Thursday, July 1, 2010

Civil rights activist Victoria DeLee, 1925-2010


"I found out one thing: writin' letters and phone calls don't get action. Best way to get action: go there. They can't stand to see you comin' there. They'll act like they're glad to see you, but it's not. And when you come there, they will do things for you to get rid of you." - Victoria DeLee, 1971

Civil rights activist Victoria DeLee was born in South Carolina in 1925. She was a fierce activist in her home state, working throughout her life for the human rights often denied her as a black woman. In her lifetime, registering to vote, enrolling her children in school, pursuing political office, and demanding accountability from her congressional representatives were radical acts of protest that effected real change. She died in the state she dedicated her life to bettering on June 14th, of complications from brain surgery. Her eighty-five-year lifespan, as she described it, was "unbought, unbossed and unsold," and a model for all of us looking to make a difference.

Victoria DeLee first came to attention when she registered to vote in 1947. Exercising the electoral racism of pre-Civil Rights Act voting laws, the registrar required her to read an entire book. When she finished, she said, " 'Give me my registration certificate... If you don't -- I says -- 'Mister, it's goin' to be trouble.' " Throughout the next two decades, she registered thousands of voters.

As with many women leaders, Ms. DeLee’s motherhood was central to her activism. She raised ten children (seven her own), and organized day-care and literacy centers for black and Native American citizens. She began the fight to integrate South Carolina public schools in 1964 when she attempted to secure enroll her children in all-white schools.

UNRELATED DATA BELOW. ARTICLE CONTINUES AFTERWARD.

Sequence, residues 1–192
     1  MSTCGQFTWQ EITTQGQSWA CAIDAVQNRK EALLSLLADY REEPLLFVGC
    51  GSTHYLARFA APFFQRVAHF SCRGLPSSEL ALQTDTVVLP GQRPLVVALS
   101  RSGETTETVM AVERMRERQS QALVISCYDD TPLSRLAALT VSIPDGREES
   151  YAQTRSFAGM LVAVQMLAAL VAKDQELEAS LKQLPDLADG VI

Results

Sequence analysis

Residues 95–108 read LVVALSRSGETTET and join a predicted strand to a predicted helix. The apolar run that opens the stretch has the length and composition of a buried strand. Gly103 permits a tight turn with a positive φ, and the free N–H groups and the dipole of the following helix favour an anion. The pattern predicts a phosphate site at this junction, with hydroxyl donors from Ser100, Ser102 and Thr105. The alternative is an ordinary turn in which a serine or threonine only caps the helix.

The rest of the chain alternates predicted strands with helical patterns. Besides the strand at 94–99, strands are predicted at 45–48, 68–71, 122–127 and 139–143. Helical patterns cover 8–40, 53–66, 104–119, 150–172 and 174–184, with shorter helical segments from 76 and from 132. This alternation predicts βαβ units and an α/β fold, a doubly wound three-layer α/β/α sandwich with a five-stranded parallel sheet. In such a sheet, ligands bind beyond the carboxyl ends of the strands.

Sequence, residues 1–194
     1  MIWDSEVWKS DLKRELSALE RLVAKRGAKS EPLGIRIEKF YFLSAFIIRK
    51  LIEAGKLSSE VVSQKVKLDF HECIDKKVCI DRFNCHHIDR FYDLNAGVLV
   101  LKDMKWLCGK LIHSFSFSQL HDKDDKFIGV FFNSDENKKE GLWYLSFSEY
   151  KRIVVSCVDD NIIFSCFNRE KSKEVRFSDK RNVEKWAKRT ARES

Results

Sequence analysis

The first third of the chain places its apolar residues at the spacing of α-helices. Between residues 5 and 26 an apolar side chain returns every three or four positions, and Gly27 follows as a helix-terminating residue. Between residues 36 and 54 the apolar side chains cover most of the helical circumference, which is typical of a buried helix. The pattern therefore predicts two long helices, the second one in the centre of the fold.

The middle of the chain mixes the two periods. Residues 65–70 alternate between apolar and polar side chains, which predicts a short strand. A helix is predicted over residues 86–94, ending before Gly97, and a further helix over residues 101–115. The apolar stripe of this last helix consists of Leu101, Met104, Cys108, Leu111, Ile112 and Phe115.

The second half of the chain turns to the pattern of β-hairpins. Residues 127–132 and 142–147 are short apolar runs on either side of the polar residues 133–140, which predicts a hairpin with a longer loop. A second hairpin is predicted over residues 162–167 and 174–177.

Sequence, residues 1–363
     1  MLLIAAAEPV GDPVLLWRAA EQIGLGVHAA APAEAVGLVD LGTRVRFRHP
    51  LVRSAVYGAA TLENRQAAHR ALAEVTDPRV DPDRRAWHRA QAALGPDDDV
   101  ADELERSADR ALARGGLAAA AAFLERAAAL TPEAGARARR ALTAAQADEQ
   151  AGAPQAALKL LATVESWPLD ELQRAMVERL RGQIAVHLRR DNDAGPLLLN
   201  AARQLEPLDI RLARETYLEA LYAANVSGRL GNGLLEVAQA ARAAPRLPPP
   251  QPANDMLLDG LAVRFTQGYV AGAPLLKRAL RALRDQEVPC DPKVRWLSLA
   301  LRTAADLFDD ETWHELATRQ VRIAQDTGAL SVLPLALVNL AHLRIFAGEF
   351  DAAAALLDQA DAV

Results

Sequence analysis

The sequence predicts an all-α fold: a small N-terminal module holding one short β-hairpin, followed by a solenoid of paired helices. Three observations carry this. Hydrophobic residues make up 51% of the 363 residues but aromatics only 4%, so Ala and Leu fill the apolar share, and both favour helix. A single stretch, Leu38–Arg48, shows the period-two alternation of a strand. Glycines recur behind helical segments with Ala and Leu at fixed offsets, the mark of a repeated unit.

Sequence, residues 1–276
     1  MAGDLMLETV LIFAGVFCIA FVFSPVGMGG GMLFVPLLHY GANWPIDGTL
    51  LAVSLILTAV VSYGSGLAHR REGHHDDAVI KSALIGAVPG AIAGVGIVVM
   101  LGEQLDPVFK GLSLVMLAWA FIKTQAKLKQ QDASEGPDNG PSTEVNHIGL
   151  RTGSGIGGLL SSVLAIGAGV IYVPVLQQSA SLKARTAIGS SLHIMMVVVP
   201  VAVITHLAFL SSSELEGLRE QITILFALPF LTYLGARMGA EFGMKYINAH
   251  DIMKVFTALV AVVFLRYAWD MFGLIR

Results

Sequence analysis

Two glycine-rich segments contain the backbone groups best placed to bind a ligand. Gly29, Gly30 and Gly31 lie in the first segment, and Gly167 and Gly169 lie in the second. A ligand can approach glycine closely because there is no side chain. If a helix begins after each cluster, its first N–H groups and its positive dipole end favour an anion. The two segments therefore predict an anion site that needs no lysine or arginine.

The DeLee family faced not only death threats but physical violence for their attempts to acquire fair, quality education. She and her children slept on the floor to avoid bullets. “"We couldn't go out in the daytime or sleep at night," she said. "My house, before they burned it down [in 1966], looked like a polka-dotted dress. Every kind of bullet hole was in that house." Soon after that, she sought government protection when she received bomb threats from the KKK.

In 1969, Ms. DeLee helped to found the United Citizens Party in response to the South Carolina Democratic Party’s ban against black candidates. In 1971, the year before Shirley Chisholm ran for president, she campaigned for a seat in the House of Representatives with the UCP.

Ms. DeLee was also notable for her confrontation of Washington players. She was part of sit-ins at the offices of John Mitchell and Strom Thurmond, whom she later worked with. "When I go there to see somebody, I just don't take no for an answer," Mrs. DeLee said. "If I go to see the Attorney General and they say, 'Well, I'm sorry, he's up on the Hill,' I say, 'Well, that's all right. I'll stay right here till he come down off the Hill.' They say, 'Well, you haven't made an appointment.' I say, 'Appointment the devil!' "

Victoria DeLee is proof of the power of local activism and community organizing; her life and work show that fighting for one’s personal human rights is a powerful political statement. Ms. DeLee is not a woman I’ve heard of before, and not one that was commemorated in any social justice blogs I read. But her life and work are deserving of recognition and the utmost respect. Our generation of activists is far from the first; we need to remember and honor the accomplishments of Ms. DeLee and other women who fought for freedom and equality.

This post is based on Mike Schudel's excellent obituary. The picture of Ms. DeLee is from the same source.

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